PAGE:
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Operations

The derivative is a linear operator.

  • The derivative of the sum of two functions is the sum of the derivatives of the functions.
  • The derivative of the product of a function by a constant is the derivative of the function multiplied by the constant.

If $$f$$ and $$g$$ are two functions differentiable at $$x_0$$ and $$\lambda$$ and $$\mu$$ are constants, linearity reads $$$(\lambda f+\mu g)'(x_0) = \lambda f'(x_0)+\mu g'(x_0)$$$

For instance, $$$\big(e^x-2\sin x\big)' = e^x -2\sin'(x) = e^x -2\cos x$$$

The proof is below. \begin{align*} &\frac{(\lambda f+\mu g)(x) - (\lambda f+\mu g)(x_0)}{x-x_0} \\ &\quad\quad = \lambda \frac{f(x)-f(x_0)}{x-x_0} + \mu \frac{g(x)-g(x_0)}{x-x_0}\\ &\quad\quad \to \lambda f'(x_0)+ \mu g'(x_0) \end{align*}

The product of two differentiable functions is also differentiable, and its derivative is given by the formula $$$(fg)'(x_0) = f'(x_0)g(x_0)+f(x_0)g'(x_0)$$$

For instance, $$$ \big(x\ln(x)\big)'= (x)'\ln(x)+x\ln'(x) = \ln(x) + x/x = \ln(x)+1.$$$

The proof is given below. \begin{align*} &\frac{f(x)g(x) -f(x_0)g(x_0)}{x-x_0} \\ &\quad\quad = g(x)\frac{f(x)-f(x_0)}{x-x_0}+ f(x_0)\frac{g(x)-g(x_0)}{x-x_0}\\ &\quad\quad \to f'(x_0)g(x_0)+f(x_0)g'(x_0) \end{align*}

The reciprocal of a differentiable function at a point where it doesn't cancel is differentiable and its derivative is given by the formula $$$\displaystyle \Big(\frac{1}{f}\Big)'(x_0) = \frac{-f'(x_0)}{f^2(x_0)} $$$

For instance, $$$\displaystyle \Big(\frac{1}{\ln(x)}\Big)' = -\frac{\ln'(x)}{\ln^2(x)}= -\frac{1}{x\ln^2(x)} $$$

Here is the proof: $$$ \frac{1/f(x)-1/f(x_0)}{x-x_0} = \frac{f(x_0)-f(x)}{f(x)f(x_0)(x-x_0)}\to\frac{-f'(x_0)}{f^2(x_0)} $$$

The quotient of two differentiable functions at a point where the denominator doesn't cancel is differentiable. Its derivative is given by the formula: $$$\displaystyle \Big(\frac{f}{g}\Big)'(x_0) = \frac{f'(x_0)g(x_0) - f(x_0)g'(x_0)}{g^2(x_0)} $$$

For instance, \begin{align*} \tan'(x)=\Big(\frac{\sin}{\cos}\Big)'(x) & = \frac{\sin'x\cos x - \sin x\cos'x}{\cos^2(x)}\\ & = \frac{\cos^2x + \sin^2x}{\cos^2x} = \frac{1}{\cos^2x} \end{align*}

Proof: Combining reciprocal and multiplication gives \begin{align*} \Big(\frac{f}{g}\Big)'(x_0) &= \big(f\;(1/g)\big)'(x_0)\\ &\;= f'(x_0)(1/g)(x_0) + f(x_0)(1/g)'(x_0)\\ &\;=\frac{f'(x_0)}{g(x_0)}-\frac{f(x_0)g'(x_0)}{g^2(x_0)}\\ &\;=\frac{f'(x_0)g(x_0) - f(x_0)g'(x_0)}{g^2(x_0)} \end{align*}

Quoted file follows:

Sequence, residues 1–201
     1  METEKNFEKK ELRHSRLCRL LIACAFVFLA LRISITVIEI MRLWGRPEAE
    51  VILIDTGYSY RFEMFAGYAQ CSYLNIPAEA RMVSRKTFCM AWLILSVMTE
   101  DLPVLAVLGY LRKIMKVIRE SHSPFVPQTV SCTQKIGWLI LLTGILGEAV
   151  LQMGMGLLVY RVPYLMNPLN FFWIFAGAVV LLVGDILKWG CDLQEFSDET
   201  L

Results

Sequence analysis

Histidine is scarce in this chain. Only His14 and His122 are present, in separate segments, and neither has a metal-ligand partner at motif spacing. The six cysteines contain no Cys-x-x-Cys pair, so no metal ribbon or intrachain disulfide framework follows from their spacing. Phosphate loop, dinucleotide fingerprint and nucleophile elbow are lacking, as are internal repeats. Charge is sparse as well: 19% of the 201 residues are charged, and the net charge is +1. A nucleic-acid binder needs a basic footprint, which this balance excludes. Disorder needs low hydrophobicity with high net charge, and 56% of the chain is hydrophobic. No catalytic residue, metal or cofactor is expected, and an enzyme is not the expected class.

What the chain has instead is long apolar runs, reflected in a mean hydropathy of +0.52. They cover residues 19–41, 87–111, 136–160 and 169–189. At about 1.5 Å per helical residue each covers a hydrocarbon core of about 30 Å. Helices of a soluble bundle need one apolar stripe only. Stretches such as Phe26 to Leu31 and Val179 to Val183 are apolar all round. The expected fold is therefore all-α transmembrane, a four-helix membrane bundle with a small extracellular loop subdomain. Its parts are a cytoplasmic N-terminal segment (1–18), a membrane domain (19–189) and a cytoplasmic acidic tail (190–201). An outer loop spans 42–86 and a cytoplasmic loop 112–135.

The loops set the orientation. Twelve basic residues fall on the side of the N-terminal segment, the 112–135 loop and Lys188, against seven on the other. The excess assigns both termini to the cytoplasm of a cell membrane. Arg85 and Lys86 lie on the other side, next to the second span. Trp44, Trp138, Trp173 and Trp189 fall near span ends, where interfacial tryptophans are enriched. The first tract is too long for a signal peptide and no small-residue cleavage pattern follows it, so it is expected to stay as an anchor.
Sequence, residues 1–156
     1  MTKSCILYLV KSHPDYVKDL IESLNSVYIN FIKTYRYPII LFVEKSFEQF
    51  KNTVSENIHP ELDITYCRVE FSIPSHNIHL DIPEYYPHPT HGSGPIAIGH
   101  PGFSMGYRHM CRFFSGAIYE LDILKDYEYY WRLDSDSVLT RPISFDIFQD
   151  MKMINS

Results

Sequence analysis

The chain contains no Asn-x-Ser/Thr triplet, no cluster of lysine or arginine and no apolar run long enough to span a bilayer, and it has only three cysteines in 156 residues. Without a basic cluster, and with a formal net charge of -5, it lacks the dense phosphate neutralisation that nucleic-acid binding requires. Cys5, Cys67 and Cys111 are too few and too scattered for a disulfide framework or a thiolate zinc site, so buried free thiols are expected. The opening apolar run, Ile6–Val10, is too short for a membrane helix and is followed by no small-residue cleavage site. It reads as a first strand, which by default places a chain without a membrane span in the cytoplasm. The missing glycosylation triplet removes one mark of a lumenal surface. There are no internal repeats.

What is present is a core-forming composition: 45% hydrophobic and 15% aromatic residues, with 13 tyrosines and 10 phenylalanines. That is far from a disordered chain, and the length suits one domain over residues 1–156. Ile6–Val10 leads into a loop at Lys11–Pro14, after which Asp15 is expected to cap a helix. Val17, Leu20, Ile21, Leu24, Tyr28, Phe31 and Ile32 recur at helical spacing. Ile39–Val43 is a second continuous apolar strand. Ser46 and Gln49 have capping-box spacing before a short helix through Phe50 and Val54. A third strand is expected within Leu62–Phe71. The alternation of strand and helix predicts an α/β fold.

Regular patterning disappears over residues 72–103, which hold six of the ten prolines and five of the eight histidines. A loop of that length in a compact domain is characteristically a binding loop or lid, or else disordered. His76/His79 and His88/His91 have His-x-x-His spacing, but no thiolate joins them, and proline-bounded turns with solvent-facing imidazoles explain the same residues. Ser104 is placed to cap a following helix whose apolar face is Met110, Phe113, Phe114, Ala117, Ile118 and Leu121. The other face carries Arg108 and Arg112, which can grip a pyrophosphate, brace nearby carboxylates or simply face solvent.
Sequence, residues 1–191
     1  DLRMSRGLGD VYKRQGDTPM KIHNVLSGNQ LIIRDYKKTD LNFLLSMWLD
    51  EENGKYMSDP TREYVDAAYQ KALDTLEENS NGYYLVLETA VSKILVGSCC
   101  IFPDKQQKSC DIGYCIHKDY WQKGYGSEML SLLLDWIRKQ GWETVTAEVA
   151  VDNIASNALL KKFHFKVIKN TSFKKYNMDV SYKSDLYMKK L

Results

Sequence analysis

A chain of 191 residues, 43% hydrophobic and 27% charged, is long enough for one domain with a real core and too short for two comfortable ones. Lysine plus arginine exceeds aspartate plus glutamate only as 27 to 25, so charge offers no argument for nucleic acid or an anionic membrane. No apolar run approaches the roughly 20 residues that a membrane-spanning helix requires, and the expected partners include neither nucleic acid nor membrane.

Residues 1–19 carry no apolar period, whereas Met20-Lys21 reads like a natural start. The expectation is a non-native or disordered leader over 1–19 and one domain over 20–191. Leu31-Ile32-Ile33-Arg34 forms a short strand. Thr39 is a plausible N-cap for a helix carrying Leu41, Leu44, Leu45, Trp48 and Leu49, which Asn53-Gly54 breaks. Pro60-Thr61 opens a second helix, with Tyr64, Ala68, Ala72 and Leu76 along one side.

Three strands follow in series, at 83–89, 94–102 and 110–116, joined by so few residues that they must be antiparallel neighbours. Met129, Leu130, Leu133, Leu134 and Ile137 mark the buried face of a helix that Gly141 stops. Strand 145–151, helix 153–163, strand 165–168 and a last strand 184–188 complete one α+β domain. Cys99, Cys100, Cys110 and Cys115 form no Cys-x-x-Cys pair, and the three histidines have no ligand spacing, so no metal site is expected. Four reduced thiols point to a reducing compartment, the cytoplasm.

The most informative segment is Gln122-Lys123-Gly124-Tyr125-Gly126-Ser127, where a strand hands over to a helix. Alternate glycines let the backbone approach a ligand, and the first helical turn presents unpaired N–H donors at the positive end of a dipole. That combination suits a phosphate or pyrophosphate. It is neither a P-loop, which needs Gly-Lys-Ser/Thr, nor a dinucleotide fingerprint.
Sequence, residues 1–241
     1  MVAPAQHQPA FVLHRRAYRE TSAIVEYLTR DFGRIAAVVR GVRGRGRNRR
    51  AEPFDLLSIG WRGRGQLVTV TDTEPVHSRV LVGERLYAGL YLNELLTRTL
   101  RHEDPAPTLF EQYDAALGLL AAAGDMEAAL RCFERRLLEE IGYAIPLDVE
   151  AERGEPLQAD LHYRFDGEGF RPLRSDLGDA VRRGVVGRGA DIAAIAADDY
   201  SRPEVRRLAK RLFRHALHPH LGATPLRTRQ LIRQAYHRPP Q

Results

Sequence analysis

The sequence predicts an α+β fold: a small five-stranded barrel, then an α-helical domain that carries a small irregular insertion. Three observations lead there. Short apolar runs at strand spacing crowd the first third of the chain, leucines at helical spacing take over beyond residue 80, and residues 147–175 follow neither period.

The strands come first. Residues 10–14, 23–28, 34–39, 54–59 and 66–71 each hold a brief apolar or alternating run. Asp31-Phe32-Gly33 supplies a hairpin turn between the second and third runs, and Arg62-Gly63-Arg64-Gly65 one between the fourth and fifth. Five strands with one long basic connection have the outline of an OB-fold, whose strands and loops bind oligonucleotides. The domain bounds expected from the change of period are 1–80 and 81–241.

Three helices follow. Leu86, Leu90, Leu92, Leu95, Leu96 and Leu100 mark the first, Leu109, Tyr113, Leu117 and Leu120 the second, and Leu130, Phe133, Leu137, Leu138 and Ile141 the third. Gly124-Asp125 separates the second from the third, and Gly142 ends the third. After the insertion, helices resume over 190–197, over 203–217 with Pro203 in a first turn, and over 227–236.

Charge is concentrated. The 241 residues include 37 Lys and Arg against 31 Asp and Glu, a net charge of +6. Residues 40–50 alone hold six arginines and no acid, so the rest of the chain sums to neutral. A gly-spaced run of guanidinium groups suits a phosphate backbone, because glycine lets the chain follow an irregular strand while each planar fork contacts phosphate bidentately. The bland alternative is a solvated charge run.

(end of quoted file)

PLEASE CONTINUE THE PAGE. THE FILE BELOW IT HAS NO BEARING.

The composite of two differentiable functions is differentiable and its derivative is given by the formula $$$(f\circ g)'(x_0) = f'\big(g(x_0)\big) g'(x_0)$$$

Recall that the composite function is defined by $$(f\circ g)(x) =f(g(x))$$.

The differentiation formula is often called the chain rule.

For example, $$$\big(\cos(x^2)\big)'= \cos'(x^2) (x^2)' = -2x\sin(x^2)$$$

Here is the proof. \begin{align*} \frac{f\big(g(x)\big)-f\big(g(x_0)\big)}{x-x_0} &\;=\frac{f\big(g(x)\big)-f\big(g(x_0)\big)}{g(x)-g(x_0)}\frac{g(x) - g(x_0)}{x-x_0} \\ &\;\to f'\big(g(x_0)\big) g'(x_0) \end{align*}

The chain rule can be used multiple times for the composite of several functions.

The inverse of a bijective (one-to-one correspondence) differentiable function whose derivative doesn't cancel is differentiable, and its derivative is given by $$$\displaystyle (f^{-1})'(x_0) = \frac{1}{f'\big(f^{-1}(x_0)\big)} $$$

For instance, \begin{align*} (\sin^{-1})'(x) &= \frac{1}{\sin'\big(\arcsin(x)\big)} =\frac{1}{\cos\big(\arcsin(x)\big)} \\ &= \frac{1}{\sqrt{1-\sin^2\big(\arcsin(x)\big)}} = \frac{1}{\sqrt{1-x^2}} \end{align*}

To prove the result, we apply the chain rule to the identity $$$x=f\circ f^{-1}(x). $$$ By differentiating both sides, we get $$1 = f'\big(f^{-1}(x_0)\big) (f^{-1})'(x_0)$$. Thus $$$\displaystyle (f^{-1})'(x_0) =1/f'\big(f^{-1}(x_0)\big).$$$